Pro Evolution Soccer 5 review: Pro Evolution Soccer 5

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The Good Intricate, detailed controls. Ultra “realistic” gameplay for football fanatics. Plenty of different play modes, including on-line play. Good looking, well detailed player models.

The Bad Steep learning curve for newbies. You’ll need plenty of time to master this title.

The Bottom Line The Pro Evolution Soccer series has always catered itself for “serious” football fanatics, and PES 5 is certainly no different. Newbies will have a hard time getting used to the controls, but returning players will find plenty of new challenges.

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With the nation still basking in the afterglow of the Socceroos' historic qualification for the 2006 World Cup, there's little doubt that football videogames (we can call soccer football now, apparently) will be a hot item this Christmas.

If you're a new passenger on the bandwagon, here's a quick lay of the land. There're two major franchises when it comes to football games - EA's FIFA series and Konami's Pro Evolution Soccer (known as Winning Eleven in Japan). The FIFA series is the more popular, featuring excellent presentation, hundreds of licensed teams and players, and solid gameplay. But the PES series has been slowly making ground thanks to its dogged determination to be tough as nails to play. FIFA may have the flash and pizzazz, but PES makes you work hard for every single goal.

For newbies, playing Pro Evolution Soccer 5 can be a daunting experience. The instruction booklet for the PC version is enough to make first timers pause - there are controls for through balls, trapping, reversals, one-two passes, dribbling pace, feints, tackles, pressure, defence levels, set pieces, feeds, super cancels, different types of crosses and much, much more.

Hitting the virtual pitch in a match will also prove to be problematic for newcomers. Unlike other football games for consoles or arcades, the ball does not magically stick to a player's foot in PES. If you run too fast and the ball dribbles forward, you won't be able to pass until you catch up. And even when you do pass, balls won't automatically fly to a free team mate. Keeping control of the ball is everything in PES 5.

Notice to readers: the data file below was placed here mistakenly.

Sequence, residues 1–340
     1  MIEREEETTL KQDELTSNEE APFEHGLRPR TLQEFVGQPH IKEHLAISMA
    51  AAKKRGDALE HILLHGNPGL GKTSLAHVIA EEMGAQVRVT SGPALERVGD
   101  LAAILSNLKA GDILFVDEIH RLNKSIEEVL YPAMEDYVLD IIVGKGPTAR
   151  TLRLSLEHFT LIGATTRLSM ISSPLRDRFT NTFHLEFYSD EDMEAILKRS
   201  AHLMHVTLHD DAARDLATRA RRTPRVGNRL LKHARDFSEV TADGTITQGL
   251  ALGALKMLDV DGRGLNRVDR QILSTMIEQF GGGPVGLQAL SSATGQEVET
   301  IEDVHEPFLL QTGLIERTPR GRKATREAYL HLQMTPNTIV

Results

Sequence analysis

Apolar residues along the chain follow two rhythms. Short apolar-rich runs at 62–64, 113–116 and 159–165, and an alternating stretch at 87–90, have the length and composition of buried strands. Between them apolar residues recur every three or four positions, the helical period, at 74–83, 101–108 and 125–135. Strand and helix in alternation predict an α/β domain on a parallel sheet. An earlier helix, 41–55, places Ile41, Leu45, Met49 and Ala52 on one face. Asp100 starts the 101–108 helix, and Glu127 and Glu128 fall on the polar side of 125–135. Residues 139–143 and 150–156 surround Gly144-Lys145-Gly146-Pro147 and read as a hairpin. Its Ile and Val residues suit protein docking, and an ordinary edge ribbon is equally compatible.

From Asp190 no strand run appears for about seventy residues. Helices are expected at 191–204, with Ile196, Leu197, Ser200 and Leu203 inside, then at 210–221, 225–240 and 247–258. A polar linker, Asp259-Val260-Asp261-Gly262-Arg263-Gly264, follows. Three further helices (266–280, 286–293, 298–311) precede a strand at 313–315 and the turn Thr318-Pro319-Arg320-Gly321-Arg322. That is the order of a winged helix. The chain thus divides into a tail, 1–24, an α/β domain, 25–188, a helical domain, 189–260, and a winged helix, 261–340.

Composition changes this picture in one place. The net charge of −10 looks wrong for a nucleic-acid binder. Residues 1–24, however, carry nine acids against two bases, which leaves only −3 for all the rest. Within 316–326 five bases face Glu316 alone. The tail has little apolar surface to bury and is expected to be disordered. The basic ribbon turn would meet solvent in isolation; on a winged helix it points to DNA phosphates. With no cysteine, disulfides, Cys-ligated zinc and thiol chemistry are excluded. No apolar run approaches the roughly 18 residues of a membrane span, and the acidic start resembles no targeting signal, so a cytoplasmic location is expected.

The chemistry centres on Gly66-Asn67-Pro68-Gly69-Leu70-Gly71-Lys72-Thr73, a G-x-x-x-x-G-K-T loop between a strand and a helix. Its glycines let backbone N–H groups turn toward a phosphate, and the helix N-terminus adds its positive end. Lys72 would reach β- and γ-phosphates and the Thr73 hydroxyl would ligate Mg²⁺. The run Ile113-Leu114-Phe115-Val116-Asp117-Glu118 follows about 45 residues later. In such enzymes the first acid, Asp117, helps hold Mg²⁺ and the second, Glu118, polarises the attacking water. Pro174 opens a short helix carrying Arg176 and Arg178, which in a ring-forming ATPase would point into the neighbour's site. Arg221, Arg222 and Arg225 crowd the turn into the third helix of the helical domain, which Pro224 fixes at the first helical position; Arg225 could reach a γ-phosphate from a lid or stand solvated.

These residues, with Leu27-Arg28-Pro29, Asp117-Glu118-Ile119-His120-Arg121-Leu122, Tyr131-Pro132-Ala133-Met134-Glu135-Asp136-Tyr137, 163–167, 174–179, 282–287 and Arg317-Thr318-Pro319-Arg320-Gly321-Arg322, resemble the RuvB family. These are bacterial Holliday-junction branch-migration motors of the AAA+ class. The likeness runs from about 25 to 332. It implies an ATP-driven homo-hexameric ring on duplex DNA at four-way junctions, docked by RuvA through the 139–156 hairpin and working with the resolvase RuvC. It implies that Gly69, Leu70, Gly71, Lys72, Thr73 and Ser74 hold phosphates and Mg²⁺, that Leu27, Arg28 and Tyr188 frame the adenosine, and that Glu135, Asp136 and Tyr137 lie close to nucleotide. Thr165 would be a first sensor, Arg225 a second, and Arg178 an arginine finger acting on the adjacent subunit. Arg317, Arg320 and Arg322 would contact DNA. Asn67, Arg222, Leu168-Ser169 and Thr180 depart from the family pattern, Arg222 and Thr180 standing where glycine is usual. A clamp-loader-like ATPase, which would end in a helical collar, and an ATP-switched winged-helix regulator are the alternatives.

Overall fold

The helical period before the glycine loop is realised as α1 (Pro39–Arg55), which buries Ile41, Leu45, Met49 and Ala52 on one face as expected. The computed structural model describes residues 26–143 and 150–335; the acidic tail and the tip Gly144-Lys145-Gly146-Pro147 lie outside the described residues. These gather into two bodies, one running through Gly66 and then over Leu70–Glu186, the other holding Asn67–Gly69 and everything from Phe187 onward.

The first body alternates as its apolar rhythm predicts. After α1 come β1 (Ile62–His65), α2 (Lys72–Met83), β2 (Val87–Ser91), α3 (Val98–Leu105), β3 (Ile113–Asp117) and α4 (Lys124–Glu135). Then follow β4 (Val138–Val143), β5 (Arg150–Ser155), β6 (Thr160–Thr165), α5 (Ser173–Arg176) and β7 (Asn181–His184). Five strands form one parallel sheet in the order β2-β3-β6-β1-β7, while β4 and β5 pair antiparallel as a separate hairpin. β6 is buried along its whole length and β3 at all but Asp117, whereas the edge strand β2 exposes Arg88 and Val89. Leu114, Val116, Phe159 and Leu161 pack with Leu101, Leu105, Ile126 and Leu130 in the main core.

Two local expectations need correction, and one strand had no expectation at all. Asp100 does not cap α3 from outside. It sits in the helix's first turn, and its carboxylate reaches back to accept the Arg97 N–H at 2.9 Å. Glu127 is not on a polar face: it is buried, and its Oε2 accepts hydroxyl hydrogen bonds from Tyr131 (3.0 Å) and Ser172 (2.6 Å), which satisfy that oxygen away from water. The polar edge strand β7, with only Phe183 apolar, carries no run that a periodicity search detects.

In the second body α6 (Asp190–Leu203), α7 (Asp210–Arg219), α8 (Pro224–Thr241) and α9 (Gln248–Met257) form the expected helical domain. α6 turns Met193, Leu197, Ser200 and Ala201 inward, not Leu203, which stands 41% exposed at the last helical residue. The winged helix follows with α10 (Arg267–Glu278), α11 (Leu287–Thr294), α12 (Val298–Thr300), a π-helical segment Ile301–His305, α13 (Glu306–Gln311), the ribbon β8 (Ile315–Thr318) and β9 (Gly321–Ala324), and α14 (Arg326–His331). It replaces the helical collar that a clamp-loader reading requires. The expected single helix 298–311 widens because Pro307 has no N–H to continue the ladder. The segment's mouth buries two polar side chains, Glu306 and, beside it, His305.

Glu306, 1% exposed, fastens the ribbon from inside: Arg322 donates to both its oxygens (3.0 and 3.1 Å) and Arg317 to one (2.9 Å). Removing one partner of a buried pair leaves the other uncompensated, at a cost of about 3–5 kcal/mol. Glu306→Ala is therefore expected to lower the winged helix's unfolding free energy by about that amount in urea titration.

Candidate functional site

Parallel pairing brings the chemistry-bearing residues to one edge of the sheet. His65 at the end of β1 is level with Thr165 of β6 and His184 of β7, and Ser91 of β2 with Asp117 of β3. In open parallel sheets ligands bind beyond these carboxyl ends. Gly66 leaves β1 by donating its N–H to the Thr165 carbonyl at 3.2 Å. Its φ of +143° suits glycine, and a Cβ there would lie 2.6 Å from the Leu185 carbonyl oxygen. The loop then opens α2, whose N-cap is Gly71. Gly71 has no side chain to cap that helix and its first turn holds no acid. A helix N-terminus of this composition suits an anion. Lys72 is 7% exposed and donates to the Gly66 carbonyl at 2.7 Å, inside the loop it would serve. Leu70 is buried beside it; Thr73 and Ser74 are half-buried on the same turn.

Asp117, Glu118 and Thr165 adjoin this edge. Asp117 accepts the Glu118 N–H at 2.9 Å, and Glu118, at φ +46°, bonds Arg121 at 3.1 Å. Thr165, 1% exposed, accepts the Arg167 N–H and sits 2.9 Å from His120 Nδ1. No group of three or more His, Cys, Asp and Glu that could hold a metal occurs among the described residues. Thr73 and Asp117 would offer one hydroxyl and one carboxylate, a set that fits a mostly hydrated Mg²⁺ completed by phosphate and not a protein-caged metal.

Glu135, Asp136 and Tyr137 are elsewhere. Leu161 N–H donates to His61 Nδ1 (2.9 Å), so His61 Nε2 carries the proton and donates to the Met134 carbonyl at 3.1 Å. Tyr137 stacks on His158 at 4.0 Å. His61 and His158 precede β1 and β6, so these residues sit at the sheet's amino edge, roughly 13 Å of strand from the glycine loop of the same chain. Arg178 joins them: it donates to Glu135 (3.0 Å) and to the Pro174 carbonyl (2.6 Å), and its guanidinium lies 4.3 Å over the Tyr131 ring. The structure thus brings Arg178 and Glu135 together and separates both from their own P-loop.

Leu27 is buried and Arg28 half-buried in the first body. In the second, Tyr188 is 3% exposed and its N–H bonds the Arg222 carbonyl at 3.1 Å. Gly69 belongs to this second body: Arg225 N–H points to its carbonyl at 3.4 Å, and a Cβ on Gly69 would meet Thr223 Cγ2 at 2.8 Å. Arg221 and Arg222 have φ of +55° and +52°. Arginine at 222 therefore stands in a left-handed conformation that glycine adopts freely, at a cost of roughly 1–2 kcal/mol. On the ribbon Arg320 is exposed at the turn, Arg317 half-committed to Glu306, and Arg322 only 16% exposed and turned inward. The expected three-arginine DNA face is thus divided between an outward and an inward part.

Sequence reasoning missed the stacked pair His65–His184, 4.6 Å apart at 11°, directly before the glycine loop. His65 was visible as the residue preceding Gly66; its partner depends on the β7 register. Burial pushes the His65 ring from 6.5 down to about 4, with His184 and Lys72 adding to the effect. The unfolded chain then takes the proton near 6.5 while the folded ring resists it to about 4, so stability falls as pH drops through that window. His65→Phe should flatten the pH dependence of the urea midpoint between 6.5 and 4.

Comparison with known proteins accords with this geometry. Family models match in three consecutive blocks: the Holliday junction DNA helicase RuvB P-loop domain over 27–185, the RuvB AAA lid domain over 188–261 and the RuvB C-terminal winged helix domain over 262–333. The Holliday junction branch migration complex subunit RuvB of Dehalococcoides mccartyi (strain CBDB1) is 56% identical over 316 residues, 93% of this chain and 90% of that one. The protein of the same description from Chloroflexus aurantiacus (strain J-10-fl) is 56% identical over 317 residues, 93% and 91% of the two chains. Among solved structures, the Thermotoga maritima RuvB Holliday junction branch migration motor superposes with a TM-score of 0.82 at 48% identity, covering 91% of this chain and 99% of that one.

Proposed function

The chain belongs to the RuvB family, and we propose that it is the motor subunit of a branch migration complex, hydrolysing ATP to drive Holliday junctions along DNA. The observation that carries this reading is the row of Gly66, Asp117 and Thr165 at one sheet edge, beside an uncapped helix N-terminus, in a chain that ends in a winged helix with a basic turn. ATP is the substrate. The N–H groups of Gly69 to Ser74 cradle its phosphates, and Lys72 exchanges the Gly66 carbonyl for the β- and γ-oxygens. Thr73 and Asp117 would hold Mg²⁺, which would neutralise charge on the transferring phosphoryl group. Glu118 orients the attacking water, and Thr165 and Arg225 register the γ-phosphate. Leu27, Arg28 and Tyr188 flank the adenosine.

This added control and realism may turn off casual gamers, but it's the main reason the PES series has become must-have games for hardcore football fanatics. You won't be playing to 12-0 blow-outs here, nor will you find your every shot on goal hitting the back of the net. Just like real-life football, patience, smart passing, clever control and a little luck are the only ways to win big matches.

Veterans to the series will be pleased to know that only minor tweaks have been made to the already excellent control system. Other additions to PES 5 include a greater roster of licensed teams and players (such as Arsenal and Chelsea from the Premier League), on-line play and more player-specific moves. There are plenty of national sides available as well, including Australia's full roster should you wish to relive the recent glory against Uruguay. Most importantly, however, the difficulty has been ramped up in PES 5. Newbies can still find their feet in the lower levels, but a whole new sixth level of difficulty (initially locked) has been added for PES masters keen to test their mettle.

Which is not to say that first timers will find little joy in PES 5. The game's extensive tutorial levels have seemingly been designed to take complete strangers to the round ball game through all the intricacies of PES 5. The tutorials dumb it right down - there is a section in PES 5 purely for explaining the rules of the football, while there are other training drills just for dribbling or passing. These tutorials are essential for anyone new to the series.

While there are the obligatory exhibition and tournament modes in PES 5, players will most likely spend most of their time in the game's extensive Master League mode. Master League allows players to mould and shape a team to international glory. As with the gameplay when on the field, the level of control afforded players in managing their squads is extraordinary. Gamers can determine the level of training, condition their players pre-match, trade or buy players, develop new recruits, retire older ones, check out stats on opponents and much more. It's a dizzying array of choice, and it really helps immerse gamers in the fantasy of managing a big league football team.

Backing up its intricate gameplay is PES 5's excellent presentation. It's still not as flashy or pretty as recent EA FIFA offerings, but the players in PES 5 do exhibit plenty of detail and, for the most part, look like their real world counterparts. The PES 5 players also move in a very realistic way.

If you're after a pick up and play football game, then PES 5's steep learning curve means it may not be the title of choice for you. If, however, you're keen on honing your skills, putting in the hours of practice and perseverance to eventually be as dextrous with your thumbs as Ronaldinho is on the field, the PES 5 is a top choice. And if you're a PES veteran, the decision is even simpler - PES 5 is another winner.

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